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From "Stephen Colebourne" <>
Subject Re: [collection] Collections for primitives
Date Sat, 22 Jun 2002 23:06:22 GMT
From: "Michael A. Smith" <>
> On Sat, 22 Jun 2002, Stephen Colebourne wrote:
> > I agree with Ola's views below. add()s should throw a
> > remove()s should be silent. queries should return false. The collection
> > just much easier to use that way. And all of this behaviour should be
> > documented.
> My biggest concern with Ola's views is that ignoring the incompatible
> class being passed as an argument is (in my opinion) almost guarunteed
> to be a programming error that will be masked, making debugging a
> problem difficult.  Can you provide a use-case where such a behavior is
> desirable and isn't a defect in the program (either a design defect or
> an implementation defect)?  If I knew in what context the maps were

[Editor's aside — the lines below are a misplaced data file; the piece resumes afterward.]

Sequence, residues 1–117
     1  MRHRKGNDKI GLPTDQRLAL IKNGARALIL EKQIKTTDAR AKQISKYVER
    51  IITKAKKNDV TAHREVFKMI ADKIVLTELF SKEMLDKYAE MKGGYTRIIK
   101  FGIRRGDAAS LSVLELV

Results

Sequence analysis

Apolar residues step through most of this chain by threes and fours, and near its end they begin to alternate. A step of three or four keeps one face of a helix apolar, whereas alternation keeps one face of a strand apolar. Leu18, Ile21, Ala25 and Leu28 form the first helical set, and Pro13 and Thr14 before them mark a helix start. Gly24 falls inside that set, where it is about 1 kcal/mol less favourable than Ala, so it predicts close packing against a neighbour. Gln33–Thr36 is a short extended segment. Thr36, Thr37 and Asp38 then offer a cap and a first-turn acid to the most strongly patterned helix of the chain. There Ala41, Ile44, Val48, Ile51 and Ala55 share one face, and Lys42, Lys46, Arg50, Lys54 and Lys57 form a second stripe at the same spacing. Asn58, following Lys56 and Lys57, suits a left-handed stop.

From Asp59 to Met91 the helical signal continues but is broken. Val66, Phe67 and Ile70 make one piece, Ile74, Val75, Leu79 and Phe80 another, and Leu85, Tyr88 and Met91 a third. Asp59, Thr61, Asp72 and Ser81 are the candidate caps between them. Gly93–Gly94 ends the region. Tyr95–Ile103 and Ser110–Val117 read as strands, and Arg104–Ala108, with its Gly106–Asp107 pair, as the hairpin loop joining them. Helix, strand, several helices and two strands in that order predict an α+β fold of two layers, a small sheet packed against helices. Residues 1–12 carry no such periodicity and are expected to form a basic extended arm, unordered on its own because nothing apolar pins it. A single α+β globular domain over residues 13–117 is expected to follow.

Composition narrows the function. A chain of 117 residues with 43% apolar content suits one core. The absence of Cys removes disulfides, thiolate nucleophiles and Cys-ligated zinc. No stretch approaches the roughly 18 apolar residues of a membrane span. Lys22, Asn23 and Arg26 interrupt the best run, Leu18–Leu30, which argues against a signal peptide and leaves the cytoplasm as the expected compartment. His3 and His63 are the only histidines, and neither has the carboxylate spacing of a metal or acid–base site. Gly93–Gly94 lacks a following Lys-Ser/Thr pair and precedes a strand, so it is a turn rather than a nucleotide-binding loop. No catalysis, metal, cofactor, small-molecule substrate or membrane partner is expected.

> planning on being used where type-safety shouldn't be quite as strict,
> then I'd have an easier time accepting a change in the behavior.

For me, the method contains(Object) means "does this collection contain this
object - yes or no". I see no role for ClassCastException here. Just return
no. Same argument for indexOf/remove

The use case is where the List has been passed into another method as a List
(interface) rather than the class. Then the code in that method doesn't know
that this is some special type of list. The coder of that method won't be
expecting ClassCastExceptions from contains/indexOf/remove. They should
expect the exception from add. Its not just about the spec, its also about
common practice.


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